HTC's ongoing partnership with Beats means the ubiquitous Beats Audio subroutine and its associated (and fairly substantial) gain boost and EQ settings are present; if you own a pair of Beats headphones the phone will auto-detect them on connection and apply a preselected EQ profile to "enhance" their performance; effects with other headphones are somewhat unpredictable. The results aren't always unwelcome — a bit of bass and presence boost — but I preferred playback with the routine switched off (which is easy enough to do). As I've said with relation to other HTC phones, I'd much prefer to see user programmable EQ, which would be more applicable to the wide range of headphones and speakers that people use these days. Someday, I hope…
But software EQ aside, HTC's also been improving their audio hardware, and the 8x includes an improved headphone amp, supplying greater voltage to the 1/8-inch output. It's a feature we got pretty excited about when we were first informed of its existence — really one of the big selling points of the handset for S+V readers, we'd thought here at the office.
In practice, the 8x drove various pairs of portable headphones to similar levels, well before running out of headroom — Like the Galaxy Note II, the 8x had plenty of juice to push typical portable headphones, from the various sets of custom in-ear monitors we've been examining lately to the V-Moda M-100 and M-80, and various models in the UrbanEars and Logitech UE lineups. It's got enough oomph to drive the relatively inefficient HiFiMan HE-500 or Audeze LCD-3, but it can't do so with any sort of authority unless you have Beats Audio switched on — which, if you have headphones like that, you likely won't want to do. But if you don't mind the Beats sound, you'll certainly have plenty of volume on tap for whatever headphones you're likely to be carrying around with you.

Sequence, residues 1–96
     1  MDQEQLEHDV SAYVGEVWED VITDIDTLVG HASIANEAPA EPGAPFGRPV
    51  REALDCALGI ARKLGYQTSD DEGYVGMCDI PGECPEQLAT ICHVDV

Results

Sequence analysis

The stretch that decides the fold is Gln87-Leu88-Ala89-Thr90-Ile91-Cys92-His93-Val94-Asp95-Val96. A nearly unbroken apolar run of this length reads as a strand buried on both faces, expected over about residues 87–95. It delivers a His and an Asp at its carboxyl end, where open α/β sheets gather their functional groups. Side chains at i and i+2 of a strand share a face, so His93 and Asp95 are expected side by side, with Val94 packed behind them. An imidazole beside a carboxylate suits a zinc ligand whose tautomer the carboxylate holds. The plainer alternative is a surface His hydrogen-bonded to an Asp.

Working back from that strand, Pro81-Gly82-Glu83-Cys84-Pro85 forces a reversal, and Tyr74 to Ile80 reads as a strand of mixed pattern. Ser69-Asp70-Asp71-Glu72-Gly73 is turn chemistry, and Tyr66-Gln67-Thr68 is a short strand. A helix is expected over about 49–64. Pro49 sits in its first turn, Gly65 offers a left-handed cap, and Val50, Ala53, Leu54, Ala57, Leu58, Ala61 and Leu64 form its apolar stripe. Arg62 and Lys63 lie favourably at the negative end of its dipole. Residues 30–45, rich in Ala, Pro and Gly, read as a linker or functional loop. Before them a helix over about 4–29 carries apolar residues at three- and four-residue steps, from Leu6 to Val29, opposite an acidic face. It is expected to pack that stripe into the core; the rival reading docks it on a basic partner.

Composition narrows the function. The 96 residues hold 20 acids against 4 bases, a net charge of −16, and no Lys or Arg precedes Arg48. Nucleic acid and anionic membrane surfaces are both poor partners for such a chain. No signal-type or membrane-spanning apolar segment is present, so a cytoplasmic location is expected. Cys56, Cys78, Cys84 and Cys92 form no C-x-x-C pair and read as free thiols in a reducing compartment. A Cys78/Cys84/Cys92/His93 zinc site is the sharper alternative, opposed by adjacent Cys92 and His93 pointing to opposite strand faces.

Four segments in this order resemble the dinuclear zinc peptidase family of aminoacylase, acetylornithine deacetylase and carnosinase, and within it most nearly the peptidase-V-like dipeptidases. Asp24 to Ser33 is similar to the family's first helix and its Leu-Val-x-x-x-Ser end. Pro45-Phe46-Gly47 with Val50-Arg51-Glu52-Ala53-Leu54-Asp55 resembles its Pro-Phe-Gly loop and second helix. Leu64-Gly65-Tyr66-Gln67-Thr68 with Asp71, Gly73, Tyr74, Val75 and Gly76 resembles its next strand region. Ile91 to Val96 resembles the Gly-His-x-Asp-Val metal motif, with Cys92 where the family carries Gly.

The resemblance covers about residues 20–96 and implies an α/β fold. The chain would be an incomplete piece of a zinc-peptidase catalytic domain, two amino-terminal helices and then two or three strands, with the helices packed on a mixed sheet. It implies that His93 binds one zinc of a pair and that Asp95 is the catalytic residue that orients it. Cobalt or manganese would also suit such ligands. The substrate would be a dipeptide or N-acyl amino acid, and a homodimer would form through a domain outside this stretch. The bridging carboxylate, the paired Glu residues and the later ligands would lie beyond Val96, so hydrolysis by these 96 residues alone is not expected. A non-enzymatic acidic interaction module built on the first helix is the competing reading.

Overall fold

Basically the increased voltage may not be a real game changer that'll obsolete portable headphone amplifiers, but it means at least you won't find yourself stuck with deciding between a just-slightly too-quiet 9/10ths and a spongy dimed-out setting on the volume control. It's nice to see handset manufacturers beginning to get serious about this stuff.
As was the case with the Droid DNA, storage is locked down and therefore not expandable — as with the Droid DNA and other recent HTC flagships like the one series, there's only 16 GB of memory onboard — not a ton of room for music.
One place where Windows Phone (and the 8x) might come in particularly handy is the living room (the territory that Microsoft this past year declared its intention to dominate — and where the company continues to accelerate its efforts) If you're already invested in the Xbox Live ecosystem and do your media consumption and/or console gaming on the Xbox 360, you'll be glad to see an Xbox Smart Glass app available for the 8x — this means you can use your phone as both second-screen and remote when you're on the same network. It's not quite as fleshed out as the Wii U's dedicated touchscreen controller (and indeed, your Windows Phone can't be used as a full-fledged controller), more a slimmed-down, minimal take on the Xbox Dashboard, but its second-screen functionality does seem to fill a niche a lot of might be interested in — tightly integrated background information on supported films and Xbox Music content; probably an actual improvement on just surfing on one's own while watching or listening.
Your interest in the 8x probably comes down to your interest in the Microsoft universe, and in particular the ever-expanding Xbox portion of it. If you're an Xbox 360 or Window desktop user and you're looking for a truly beautiful phone experience, and you don't demand a lot of onboard storage for a personal music collection, you probably owe the 8x a look — it'll fit right into your living room; and when you're on the go you can take your services with you. For those dependent on services and apps from other manufacturers, I don't see the 8x making a terribly compelling argument for switching over from Android or iOS.